Classification of gait disturbances: Distinguishing between continuous and episodic changes

Nir Giladi*, Fay B. Horak, Jeffrey M. Hausdorff

*Corresponding author for this work

Research output: Contribution to journalReview articlepeer-review


The increased awareness of the importance of gait and postural control to quality of life and functional independence has led many research groups to study the pathophysiology, epidemiology, clinical, and therapeutic aspects of these motor functions. In recognition of the increased awareness of the significance of this topic, the Movement Disorders journal is devoting this entire issue to gait and postural control. Leading research groups provide critical reviews of the current knowledge and propose future directions for this evolving field. The intensive work in this area throughout the world has created an urgent need for a unified language. Because gait and postural disturbances are so common, the clinical classification should be clear, straightforward, and simple to use. As an introduction to this special issue, we propose a new clinically based classification scheme that is organized according to the dominant observed disturbance, while taking into account the results of a basic neurological exam. The proposed classification differentiates between continuous and episodic gait disturbances because this subdivision has important ramifications from the functional, prognostic, and mechanistic perspectives. We anticipate that research into gait and postural control will continue to flourish over the next decade as the search for new ways of promoting mobility and independence aims to keep up with the exponentially growing population of aging older adults. Hopefully, this new classification scheme and the articles focusing on gait and postural control in this special issue of the Movement Disorders journal will help to facilitate future investigations in this exciting, rapidly growing area.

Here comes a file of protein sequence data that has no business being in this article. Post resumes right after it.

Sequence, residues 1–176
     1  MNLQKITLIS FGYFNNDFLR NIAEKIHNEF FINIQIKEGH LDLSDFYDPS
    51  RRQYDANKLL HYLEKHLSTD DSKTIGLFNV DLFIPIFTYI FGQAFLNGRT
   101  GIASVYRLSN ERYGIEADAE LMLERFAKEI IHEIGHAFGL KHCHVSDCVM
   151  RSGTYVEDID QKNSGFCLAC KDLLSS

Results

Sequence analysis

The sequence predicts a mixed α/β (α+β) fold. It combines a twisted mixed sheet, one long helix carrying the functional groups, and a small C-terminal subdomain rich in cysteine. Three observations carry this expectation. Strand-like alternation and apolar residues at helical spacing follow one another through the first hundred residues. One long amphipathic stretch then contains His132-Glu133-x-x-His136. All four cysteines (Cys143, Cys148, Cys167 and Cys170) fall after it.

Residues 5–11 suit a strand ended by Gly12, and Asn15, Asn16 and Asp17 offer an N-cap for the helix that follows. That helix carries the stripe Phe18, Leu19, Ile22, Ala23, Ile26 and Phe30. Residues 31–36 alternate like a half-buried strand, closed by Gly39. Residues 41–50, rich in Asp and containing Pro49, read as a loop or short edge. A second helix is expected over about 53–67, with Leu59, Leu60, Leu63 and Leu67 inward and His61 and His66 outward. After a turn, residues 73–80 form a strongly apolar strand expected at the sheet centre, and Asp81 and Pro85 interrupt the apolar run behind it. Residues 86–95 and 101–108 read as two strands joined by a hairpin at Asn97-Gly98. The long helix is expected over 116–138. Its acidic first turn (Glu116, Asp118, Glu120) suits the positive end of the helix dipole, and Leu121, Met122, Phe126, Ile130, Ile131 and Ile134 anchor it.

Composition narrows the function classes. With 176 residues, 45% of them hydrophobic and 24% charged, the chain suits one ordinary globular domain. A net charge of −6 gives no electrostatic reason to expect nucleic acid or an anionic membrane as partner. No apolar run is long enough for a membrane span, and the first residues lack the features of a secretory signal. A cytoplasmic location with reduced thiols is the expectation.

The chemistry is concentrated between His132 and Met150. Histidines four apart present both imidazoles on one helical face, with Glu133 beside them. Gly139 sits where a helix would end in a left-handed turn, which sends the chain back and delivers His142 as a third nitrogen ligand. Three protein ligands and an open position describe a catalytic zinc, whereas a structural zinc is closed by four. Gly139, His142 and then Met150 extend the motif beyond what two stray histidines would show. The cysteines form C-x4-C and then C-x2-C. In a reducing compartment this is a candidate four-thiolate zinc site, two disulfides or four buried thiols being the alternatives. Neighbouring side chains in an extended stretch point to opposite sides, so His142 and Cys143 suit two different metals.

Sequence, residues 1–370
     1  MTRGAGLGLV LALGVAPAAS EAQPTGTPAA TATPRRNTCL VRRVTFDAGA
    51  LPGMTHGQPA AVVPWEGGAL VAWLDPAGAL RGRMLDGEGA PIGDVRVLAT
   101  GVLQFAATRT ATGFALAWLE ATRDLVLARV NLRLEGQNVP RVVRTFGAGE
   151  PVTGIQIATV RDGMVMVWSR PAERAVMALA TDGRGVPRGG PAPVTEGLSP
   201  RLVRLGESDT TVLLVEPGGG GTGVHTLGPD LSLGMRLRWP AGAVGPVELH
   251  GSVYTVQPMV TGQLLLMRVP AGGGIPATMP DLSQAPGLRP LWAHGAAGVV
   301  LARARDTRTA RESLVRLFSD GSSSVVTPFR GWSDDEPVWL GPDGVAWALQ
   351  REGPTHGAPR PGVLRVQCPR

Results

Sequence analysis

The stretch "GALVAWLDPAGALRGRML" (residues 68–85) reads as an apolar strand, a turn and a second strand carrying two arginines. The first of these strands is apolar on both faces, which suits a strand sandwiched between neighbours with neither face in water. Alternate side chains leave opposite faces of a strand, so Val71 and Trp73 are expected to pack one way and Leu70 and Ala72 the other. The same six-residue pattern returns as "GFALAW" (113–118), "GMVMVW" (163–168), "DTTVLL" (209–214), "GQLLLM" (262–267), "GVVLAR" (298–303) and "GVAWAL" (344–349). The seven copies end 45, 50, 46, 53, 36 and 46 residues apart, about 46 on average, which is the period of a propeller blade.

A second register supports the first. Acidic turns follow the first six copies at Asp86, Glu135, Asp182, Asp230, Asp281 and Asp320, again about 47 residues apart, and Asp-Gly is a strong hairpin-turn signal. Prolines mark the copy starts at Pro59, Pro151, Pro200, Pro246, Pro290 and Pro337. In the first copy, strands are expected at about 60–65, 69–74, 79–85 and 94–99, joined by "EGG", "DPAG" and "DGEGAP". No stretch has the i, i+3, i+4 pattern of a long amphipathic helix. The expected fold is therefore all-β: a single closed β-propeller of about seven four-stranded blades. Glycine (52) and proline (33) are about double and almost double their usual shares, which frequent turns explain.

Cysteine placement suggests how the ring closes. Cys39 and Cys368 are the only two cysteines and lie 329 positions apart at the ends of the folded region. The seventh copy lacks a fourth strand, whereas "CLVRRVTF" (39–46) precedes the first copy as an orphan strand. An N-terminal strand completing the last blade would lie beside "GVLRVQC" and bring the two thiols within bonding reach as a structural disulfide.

Original languageEnglish
Pages (from-to)1469-1473
Number of pages5
JournalMovement Disorders
Issue number11
StatePublished - 15 Sep 2013


FundersFunder number
National Institute on AgingR21AG034227


    • Balance
    • Classification
    • Falls
    • Gait
    • Parkinson's disease


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